Senator Joe Pennacchio and Senator Anthony M. Bucco voted against legislation today that they warned would lead to higher-density housing developments in many New Jersey towns.
Sen. Joe Pennacchio and Sen. Anthony M. Bucco voted against legislation today that they warned would lead to higher-density housing developments in many New Jersey towns. (Pixabay)
“We’ve heard from mayors that they’re getting crushed by new affordable housing mandates that are changing the nature of their towns for the worse,” said Pennacchio (R-26). “A bill just passed by the New Jersey Senate would add to the problem by allowing even higher densities of new housing to be built in places that are close to public transportation. That will only increase the strain on schools and other public services and the long-term costs to property taxpayers.”
The Senate approved Democrat-sponsored legislation, S-3605, that reduces the amount of on- and off-street parking spaces that are required for new residential developments by 20, 30, and 50% depending on the proximity to rail and bus lines run by New Jersey Transit.
“This misguided bill paves the way for suburban towns to be forced to build at higher and higher densities than they’ve ever done before,” said Bucco (R-25). “Towns are running out of space to build, so cutting the parking requirements for new residential developments is the Democrats’ workaround to force towns to keep building. You can be certain this will be used to raise towns’ quotas even higher when the next round of affordable housing begins in a few years.”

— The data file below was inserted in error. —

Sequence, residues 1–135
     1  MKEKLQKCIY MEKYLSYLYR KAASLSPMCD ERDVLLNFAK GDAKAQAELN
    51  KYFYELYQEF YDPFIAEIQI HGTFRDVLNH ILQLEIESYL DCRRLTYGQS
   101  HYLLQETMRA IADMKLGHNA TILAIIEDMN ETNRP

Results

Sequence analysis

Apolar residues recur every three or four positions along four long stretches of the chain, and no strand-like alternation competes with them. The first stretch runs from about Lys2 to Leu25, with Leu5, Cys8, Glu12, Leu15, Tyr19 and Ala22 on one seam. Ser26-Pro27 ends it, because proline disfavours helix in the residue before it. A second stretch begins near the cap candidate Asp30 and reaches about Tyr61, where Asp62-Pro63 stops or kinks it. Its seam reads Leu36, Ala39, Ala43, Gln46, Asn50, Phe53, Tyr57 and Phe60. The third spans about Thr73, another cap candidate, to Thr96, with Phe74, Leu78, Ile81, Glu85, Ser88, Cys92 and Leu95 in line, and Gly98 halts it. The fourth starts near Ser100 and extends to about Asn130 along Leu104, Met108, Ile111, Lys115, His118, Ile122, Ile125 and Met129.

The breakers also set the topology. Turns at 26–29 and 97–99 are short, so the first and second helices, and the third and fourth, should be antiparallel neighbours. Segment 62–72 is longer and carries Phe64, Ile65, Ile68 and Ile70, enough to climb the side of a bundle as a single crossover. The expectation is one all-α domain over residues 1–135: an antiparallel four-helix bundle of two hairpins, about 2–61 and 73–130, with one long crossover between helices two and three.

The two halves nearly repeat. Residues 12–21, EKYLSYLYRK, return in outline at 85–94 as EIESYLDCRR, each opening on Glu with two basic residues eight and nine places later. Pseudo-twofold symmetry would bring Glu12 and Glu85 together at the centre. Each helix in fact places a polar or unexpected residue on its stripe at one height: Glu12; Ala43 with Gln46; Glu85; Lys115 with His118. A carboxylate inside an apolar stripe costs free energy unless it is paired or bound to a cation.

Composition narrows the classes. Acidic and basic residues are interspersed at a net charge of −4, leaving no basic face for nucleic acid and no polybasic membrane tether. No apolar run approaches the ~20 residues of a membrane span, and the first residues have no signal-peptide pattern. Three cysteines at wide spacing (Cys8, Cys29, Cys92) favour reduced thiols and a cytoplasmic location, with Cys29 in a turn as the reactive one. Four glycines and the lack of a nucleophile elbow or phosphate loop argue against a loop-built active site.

Pennacchio and Bucco have offered legislative solutions to help towns that are struggling to comply with burdensome affordable housing mandates.
Pennacchio sponsors legislation, S-3803, that would allow towns to use regional contribution agreements (RCAs) to transfer up to 50% of their fair share housing obligation to another municipality within its housing region. Towns have not been able to use RCAs since 2008.
Similarly, Bucco sponsors a bill, S-3739, that would delay the fourth round of fair share affordable housing obligations for municipalities from 2025 to 2028. His legislation recognizes the severe hardship towns have faced in trying to comply with their affordable housing obligations as a result of the pandemic, along with the recognition of the New Jersey Supreme Court that affordable housing policies are best left to the Legislature.